Nacon Acquires Australian Developers Big Ant In $54.8 Million Deal

Nacon Acquires Australian Developers Big Ant In $54.8 Million Deal
Image: Kotaku
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French video game publisher Nacon has just announced the acquisition of Big Ant Studios, creators of the Don Bradman Cricket, Cricket 19 and AO Tennis sports games, for a “maximum price of” $54.8 million.

The total acquisition price is a little malleable, according to the official release. In the terms and conditions, Nacon has agreed to pay a net price of 15 million euros net cash and debt when the deal is signed, with another earn out payable after March 31, 2024:

The acquisition of 100% of the share capital and voting rights of Big Ant will have an overall maximum price of 35M€ on the basis of :

– a net price of 15 M€ (net of cash and debt) in cash upon signature; 
– an earn-out payable for 50% in cash and for 50% through the creation of new Nacon shares, based on performance until March 31, 2024.

Financing aside, the deal is probably the most significant and sizeable acquisition of an Australian studio in recent memory. Interestingly, Big Ant is aiming for $9.4 million in operating profit for 2021-22 — notable only because it’s quite rare to see the financials of any Australian game dev studios, given most of them aren’t publicly traded companies.

The terms of the deal say “net of cash and debt”, but Big Ant CEO Ross Symons told Kotaku Australia that the studio “has no debt and significant cash in the bank”. “This will result in a payment well in excess of the 15 million euros,” he said.

Symons added that the deal has come together “in weeks, not months” and was borne out of their partnership with Nacon in developing Tennis World Tour 2 and AO Tennis 2.

“Nacon pitched the acquisition as an extension of that positive approach to partnering that our two companies have enjoyed so far, and that they would support our vision to transition to AAA and become one of the world’s leading sports games developers, all while allowing Big Ant to remain autonomous but being able to lean on the resources that Nacon can provide,” Symons told Kotaku Australia.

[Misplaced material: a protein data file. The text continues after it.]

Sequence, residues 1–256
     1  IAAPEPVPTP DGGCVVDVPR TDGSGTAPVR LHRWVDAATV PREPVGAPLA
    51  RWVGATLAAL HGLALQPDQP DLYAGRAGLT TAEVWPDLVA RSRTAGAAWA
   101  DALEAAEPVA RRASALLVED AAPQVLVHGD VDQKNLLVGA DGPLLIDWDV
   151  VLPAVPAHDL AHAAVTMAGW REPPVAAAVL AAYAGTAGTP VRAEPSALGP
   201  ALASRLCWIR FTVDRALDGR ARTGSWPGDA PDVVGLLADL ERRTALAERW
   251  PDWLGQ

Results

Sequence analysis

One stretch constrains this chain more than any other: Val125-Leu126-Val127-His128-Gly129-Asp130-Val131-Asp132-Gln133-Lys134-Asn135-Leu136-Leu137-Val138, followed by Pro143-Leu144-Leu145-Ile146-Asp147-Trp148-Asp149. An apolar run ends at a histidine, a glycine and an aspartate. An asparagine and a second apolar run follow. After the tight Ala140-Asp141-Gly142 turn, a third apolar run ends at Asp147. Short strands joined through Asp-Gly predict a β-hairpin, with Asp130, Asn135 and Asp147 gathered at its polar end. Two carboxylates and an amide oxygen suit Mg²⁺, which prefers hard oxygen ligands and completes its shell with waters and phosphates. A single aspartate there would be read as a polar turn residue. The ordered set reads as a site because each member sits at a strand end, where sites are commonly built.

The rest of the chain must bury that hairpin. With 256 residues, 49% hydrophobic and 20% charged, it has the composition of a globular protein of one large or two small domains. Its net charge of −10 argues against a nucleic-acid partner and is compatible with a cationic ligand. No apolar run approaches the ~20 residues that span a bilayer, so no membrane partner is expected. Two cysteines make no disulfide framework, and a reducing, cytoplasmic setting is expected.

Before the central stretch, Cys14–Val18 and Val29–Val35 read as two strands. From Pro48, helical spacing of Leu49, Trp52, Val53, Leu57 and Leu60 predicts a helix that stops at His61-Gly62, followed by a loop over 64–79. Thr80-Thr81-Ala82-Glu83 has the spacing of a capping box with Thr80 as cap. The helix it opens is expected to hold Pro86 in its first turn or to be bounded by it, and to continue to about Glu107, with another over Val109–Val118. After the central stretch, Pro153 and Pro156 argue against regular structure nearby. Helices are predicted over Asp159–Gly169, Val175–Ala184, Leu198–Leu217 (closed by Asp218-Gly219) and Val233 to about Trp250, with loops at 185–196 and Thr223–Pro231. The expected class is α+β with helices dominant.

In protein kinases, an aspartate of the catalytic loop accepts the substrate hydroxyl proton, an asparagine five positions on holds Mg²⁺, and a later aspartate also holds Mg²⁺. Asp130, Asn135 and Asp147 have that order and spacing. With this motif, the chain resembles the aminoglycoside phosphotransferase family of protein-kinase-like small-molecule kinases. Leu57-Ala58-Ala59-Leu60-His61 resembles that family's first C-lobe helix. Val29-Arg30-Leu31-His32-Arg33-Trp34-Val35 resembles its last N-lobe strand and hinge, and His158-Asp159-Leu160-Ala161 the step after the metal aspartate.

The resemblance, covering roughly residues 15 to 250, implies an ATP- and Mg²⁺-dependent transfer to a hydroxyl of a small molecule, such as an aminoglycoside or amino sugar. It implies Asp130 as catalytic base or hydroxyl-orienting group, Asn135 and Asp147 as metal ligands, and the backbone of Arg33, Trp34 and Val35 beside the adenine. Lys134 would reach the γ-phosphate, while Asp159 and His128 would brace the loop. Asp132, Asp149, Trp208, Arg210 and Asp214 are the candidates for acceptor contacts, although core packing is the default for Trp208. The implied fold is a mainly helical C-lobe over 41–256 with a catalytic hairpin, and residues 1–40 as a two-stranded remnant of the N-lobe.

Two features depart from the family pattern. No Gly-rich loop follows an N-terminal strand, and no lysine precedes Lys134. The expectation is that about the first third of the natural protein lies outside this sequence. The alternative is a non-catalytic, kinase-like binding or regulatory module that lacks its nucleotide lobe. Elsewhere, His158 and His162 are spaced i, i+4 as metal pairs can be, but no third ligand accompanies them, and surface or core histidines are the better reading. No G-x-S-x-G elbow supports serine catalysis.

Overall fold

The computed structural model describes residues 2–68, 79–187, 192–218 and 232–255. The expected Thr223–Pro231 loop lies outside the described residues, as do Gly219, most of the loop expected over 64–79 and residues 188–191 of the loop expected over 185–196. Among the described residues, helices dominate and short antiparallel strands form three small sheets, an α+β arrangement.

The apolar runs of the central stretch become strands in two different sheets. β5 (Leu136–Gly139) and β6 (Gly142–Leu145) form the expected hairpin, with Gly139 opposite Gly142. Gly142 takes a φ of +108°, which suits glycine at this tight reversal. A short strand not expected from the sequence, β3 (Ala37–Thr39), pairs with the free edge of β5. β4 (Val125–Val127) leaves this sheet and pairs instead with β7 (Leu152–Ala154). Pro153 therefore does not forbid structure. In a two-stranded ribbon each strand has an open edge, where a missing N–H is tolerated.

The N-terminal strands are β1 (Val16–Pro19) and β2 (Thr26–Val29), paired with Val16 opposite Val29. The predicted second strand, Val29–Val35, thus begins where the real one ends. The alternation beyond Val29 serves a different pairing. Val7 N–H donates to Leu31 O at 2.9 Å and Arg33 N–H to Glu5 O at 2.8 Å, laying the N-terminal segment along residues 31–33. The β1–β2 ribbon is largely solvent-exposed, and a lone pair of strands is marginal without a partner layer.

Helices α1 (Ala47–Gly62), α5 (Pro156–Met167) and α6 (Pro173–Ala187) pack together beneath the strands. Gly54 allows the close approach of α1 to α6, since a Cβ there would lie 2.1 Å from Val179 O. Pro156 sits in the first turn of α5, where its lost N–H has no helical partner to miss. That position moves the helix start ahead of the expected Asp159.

The deal will help Big Ant “tackle new sports properties and expand the scope of the licensors that we work with,” according to Symons.

Nacon’s release notes that the company’s 9 development studios publish “AA games”, rather than AAA titles. It’ll be interesting to see a Don Bradman Cricket or an AO Tennis with a vastly bigger budget. One obvious area of expansion for Big Ant would be with their cricket titles: they haven’t to date fully replicated the drafting and franchise elements of the Indian Premier League, and having an expanded budget and support would undoubtedly help in those talks.

Big Ant has released racing, rugby league and AFL games in the past, and it’ll be interesting to see if this deal enables them to venture more into those sports as well.

Comments

  • whoof. Big Ant is privately held, right? Sizable pay day for the founders.

    It genuinely surprises me that Big Ant might clear $10mil in profit next year – particularly given Aussie sporting properties are such a big part of their business and I imagine the market is pretty niche for those… it just surprises me that there’s that much money (let alone profit for the studio) in those games. That’s really interesting.

    Valuation-wise, $50m as the potential total price on a projected $10m in profit (roughly) is only a ~5x EBIT multiple, which is not a crazy valuation at all – in tech-land valuations often go far, far, far higher than that. Especially when the earn out is over 3 years with half of the at-risk value in shares. So it’s actually not a wildly aggressive valuation.

    Exciting thing for an Aussie studio to make that leap, too. Certainly a strong signal to aspiring game entrepreneurs in Australia that a profitable exit and a path towards ‘hitting the big time’ is not a complete folly.

  • Maybe we will get an acceptable cricket/Rugby league game for the first time in over a decade.
    Sorry Alex. But they have been awful.

    • Yeah the games have been average for sure… turns out people see about $50m worth of value and potential in them, though!

      • 50 mill isnt that big in the game where its usually wanting another zero at the end of number, but maybe with some more investment they can get there.

  • The thing they need to do is somehow sell cricket video games to the Indian market and to do that it needs to run on a phone

  • Everyone talking about cricket. I want an AFL game. There hasn’t been a good one all last gen. Probably in over a decade (whenever the last AFL Live was)

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